Huawei finds an ally in Vodafone, the world's second-largest mobile operator

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Vodafone chief executive officer Nick Read speaks at the Mobile World Congress (MWC) in Barcelona on February 25, 2019. - Phone makers will focus on foldable screens and the introduction of blazing fast 5G wireless networks at the world's biggest mobile fair starting February 25 in Spain as they try to reverse a decline in sales of smartphones. (Photo by LLUIS GENE / AFP) (Photo credit should read LLUIS GENE/AFP/Getty Images)

LLUIS GENE | AFP | Getty Images

Vodafone chief executive officer Nick Read speaks at the Mobile World Congress (MWC) in Barcelona on February 25, 2019. – Phone makers will focus on foldable screens and the introduction of blazing fast 5G wireless networks at the world’s biggest mobile fair starting February 25 in Spain as they try to reverse a decline in sales of smartphones. (Photo by LLUIS GENE / AFP) (Photo credit should read LLUIS GENE/AFP/Getty Images)

The CEO of the world’s second-largest mobile operator warned excluding Huawei from Europe’s 5G networks could be “hugely disruptive” to national infrastructure and consumers, comments that will likely be welcomed by the Chinese company as it faces possible equipment bans around the world.

Speaking at a press conference at Mobile World Congress in Barcelona Monday, Vodafone CEO Nick Read said banning Huawei from providing 5G infrastructure in Europe would hamper competition in the supply chain. China’s Huawei, Finland’s Nokia and Sweden’s Ericsson are the three biggest providers of telecommunications equipment in the world, accounting for more than half of revenues in the market, according to research firm Dell’Oro Group.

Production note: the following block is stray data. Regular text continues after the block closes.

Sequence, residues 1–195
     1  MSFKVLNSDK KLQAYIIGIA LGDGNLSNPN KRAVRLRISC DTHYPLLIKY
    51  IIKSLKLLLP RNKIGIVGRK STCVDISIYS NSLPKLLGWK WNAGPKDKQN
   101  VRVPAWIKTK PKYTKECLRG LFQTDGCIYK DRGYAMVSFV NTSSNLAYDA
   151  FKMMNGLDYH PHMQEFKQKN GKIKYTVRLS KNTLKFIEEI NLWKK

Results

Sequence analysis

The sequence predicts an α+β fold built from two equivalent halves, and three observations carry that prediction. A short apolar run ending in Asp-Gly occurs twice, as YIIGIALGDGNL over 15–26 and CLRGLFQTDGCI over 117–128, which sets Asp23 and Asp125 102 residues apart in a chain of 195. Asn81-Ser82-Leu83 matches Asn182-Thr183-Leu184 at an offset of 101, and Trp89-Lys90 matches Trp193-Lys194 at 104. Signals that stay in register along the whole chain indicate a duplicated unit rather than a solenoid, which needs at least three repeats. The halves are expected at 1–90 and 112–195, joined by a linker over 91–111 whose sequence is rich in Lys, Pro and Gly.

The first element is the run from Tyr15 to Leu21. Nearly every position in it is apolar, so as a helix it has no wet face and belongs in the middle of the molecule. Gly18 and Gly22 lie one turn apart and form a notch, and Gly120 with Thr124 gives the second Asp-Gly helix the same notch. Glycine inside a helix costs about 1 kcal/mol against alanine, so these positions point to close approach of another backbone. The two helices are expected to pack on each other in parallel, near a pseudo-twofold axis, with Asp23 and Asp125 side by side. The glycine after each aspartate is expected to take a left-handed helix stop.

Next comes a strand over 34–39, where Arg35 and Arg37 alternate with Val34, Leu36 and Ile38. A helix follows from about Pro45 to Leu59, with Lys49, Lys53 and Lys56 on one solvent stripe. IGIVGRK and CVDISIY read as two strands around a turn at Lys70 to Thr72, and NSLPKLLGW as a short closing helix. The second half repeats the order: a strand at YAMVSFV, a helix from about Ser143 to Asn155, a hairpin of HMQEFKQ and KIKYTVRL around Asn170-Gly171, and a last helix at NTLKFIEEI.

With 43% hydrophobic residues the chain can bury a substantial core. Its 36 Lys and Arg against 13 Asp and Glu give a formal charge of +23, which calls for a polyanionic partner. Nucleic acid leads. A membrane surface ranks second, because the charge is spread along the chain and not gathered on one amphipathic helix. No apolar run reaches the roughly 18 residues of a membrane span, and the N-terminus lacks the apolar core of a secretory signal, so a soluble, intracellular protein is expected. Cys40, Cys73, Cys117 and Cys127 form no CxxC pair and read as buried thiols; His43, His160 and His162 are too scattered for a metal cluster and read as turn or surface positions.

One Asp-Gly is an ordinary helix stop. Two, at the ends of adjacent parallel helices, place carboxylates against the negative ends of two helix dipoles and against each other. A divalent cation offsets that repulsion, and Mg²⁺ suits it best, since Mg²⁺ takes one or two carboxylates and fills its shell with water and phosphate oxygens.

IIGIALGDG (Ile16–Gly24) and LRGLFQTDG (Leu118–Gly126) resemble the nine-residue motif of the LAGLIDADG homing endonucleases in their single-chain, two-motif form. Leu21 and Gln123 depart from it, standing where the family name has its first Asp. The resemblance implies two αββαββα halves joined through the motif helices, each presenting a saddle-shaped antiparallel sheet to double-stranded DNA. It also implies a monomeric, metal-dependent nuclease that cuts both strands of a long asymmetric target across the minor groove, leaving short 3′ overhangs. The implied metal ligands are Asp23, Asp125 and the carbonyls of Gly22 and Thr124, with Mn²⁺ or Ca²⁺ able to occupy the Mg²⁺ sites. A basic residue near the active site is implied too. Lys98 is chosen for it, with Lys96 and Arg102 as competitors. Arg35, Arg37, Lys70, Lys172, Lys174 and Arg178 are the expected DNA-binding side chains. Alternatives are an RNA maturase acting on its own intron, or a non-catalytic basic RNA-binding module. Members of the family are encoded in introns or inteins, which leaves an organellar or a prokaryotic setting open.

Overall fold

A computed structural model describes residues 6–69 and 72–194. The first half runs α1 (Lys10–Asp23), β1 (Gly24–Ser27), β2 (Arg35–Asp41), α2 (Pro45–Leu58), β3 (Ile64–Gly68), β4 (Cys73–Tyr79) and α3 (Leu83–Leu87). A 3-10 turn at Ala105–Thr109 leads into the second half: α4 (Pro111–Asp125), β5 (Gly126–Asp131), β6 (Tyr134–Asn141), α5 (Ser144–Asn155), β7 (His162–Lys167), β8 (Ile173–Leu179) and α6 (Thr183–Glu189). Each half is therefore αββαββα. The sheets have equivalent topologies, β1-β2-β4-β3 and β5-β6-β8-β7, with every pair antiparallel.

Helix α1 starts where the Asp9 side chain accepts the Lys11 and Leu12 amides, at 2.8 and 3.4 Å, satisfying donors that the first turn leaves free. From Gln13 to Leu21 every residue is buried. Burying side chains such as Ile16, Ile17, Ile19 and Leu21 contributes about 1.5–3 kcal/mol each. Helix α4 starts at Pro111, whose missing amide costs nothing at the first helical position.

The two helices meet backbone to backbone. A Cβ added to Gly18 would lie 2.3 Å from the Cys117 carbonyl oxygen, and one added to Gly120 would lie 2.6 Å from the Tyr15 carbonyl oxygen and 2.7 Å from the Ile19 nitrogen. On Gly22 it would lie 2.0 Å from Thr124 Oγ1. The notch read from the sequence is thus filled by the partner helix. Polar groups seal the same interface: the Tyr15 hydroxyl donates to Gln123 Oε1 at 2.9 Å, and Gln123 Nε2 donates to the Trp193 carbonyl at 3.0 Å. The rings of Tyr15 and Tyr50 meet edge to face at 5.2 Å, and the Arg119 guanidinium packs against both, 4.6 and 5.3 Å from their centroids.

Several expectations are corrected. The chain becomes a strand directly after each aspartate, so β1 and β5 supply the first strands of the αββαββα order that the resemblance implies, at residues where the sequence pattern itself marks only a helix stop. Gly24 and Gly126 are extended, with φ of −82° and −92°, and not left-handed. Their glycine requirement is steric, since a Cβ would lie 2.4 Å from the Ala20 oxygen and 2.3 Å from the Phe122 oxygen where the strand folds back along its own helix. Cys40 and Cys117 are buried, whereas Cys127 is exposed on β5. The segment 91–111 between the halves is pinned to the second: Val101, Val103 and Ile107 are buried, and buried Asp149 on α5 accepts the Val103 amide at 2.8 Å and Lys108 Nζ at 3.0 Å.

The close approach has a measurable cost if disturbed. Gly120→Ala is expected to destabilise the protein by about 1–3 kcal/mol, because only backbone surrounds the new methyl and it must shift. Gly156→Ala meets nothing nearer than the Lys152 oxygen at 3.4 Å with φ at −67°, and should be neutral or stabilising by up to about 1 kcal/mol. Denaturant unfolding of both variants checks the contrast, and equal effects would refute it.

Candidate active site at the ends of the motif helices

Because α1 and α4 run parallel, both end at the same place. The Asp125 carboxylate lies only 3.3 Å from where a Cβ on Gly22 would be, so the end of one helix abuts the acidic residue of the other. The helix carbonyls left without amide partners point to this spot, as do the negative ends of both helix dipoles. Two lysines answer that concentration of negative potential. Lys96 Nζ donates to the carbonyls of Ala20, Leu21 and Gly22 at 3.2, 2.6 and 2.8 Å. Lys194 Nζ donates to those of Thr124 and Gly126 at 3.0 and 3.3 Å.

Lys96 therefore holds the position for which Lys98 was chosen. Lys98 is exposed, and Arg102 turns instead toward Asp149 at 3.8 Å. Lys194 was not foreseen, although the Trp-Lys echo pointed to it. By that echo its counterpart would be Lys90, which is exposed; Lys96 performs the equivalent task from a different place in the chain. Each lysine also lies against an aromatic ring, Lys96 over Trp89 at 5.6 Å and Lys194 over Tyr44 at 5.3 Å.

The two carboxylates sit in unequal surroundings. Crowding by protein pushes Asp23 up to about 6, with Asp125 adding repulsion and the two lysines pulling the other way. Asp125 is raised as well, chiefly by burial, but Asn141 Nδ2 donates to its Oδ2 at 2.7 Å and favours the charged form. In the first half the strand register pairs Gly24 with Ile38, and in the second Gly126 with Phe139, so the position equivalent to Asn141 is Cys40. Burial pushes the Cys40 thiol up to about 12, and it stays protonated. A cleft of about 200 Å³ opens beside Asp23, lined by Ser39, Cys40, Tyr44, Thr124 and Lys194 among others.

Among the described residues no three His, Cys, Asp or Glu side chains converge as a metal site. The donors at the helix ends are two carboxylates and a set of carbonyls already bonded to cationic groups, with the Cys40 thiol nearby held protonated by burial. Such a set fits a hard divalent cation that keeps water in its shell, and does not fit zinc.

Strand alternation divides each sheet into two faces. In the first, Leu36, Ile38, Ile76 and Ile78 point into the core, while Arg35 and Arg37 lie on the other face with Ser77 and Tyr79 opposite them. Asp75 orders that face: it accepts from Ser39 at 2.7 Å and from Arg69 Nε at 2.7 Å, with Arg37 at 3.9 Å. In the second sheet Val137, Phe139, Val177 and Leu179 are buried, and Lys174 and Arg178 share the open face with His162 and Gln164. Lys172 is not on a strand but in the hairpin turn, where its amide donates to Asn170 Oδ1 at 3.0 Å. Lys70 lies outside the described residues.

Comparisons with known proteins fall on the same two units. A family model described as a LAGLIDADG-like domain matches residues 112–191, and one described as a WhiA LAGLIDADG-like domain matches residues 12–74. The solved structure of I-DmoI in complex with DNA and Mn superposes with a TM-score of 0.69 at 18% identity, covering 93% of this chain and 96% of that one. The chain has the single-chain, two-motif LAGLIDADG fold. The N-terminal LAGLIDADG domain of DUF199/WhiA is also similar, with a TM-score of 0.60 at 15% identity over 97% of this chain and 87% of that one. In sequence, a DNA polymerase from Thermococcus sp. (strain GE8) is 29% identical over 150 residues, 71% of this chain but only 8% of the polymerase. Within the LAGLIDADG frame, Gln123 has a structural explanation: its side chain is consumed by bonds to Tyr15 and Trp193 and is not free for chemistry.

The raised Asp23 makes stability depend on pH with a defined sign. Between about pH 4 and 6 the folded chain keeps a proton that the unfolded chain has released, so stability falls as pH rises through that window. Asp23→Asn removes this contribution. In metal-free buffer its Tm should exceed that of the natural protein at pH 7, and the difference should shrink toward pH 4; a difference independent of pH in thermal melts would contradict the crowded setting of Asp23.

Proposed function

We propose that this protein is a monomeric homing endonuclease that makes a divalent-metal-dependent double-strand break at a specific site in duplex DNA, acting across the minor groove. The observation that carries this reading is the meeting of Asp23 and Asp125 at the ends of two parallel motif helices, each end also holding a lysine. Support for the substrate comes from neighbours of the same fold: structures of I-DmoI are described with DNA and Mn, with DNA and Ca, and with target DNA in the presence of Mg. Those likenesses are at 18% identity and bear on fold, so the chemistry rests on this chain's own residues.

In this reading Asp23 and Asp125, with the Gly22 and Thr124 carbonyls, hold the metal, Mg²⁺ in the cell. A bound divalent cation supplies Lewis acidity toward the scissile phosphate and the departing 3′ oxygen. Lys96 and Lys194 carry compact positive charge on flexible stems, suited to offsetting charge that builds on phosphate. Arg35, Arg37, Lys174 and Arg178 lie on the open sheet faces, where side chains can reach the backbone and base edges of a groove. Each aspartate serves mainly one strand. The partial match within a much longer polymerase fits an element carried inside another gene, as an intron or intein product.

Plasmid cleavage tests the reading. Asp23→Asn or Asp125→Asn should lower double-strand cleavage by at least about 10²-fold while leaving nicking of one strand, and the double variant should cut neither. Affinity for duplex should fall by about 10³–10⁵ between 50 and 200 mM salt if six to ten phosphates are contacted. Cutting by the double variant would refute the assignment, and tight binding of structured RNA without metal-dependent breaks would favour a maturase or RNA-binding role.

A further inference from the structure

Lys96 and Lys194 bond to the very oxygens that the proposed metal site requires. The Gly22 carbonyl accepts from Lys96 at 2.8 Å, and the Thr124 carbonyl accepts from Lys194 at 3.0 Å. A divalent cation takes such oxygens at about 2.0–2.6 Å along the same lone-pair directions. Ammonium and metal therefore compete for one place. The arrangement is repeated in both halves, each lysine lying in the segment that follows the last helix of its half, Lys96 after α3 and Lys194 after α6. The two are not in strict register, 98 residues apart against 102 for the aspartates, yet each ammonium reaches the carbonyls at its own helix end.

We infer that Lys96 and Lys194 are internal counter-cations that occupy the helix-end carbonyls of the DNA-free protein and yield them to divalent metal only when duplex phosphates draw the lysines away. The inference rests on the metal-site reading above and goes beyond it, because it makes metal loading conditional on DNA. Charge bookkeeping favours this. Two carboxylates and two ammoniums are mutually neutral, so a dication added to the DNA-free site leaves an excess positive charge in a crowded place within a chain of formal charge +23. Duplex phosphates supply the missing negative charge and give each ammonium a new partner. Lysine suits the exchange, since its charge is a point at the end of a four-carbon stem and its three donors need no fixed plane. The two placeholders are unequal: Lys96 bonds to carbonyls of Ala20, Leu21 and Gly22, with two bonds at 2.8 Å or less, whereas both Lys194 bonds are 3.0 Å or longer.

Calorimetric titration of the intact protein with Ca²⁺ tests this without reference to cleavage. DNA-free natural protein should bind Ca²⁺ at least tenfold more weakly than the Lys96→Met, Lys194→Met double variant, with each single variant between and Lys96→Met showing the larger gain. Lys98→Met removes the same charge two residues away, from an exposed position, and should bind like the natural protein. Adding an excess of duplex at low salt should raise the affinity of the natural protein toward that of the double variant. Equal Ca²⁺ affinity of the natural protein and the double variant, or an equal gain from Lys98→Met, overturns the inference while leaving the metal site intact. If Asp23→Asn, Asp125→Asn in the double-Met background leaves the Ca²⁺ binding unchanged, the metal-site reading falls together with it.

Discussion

“If we concentrate it down to two players I think that’s an unhealthy position not just for us as an industry but also for national infrastructure in the country,” Read said.

Read added that it would be “very very expensive” for operators and consumers if companies were forced to swap their Huawei equipment in favor of competitors’, adding it would delay Europe’s 5G rollout by “probably two years.”

“It structurally disadvantages Europe,” he said “Of course the U.S. don’t have that problem because they don’t put Huawei equipment in.”

Huawei is the world’s largest telecommunications equipment provider and has captured key markets by offering high-tech gear at a lower cost than its rivals.

But the company has effectively been left out of the U.S. market with officials citing concerns that its technology could enable spying from the Chinese government, accusations Huawei denies. In addition to the U.S., the U.K. and Germany are weighing possible bans on Huawei’s 5G equipment citing security risks.

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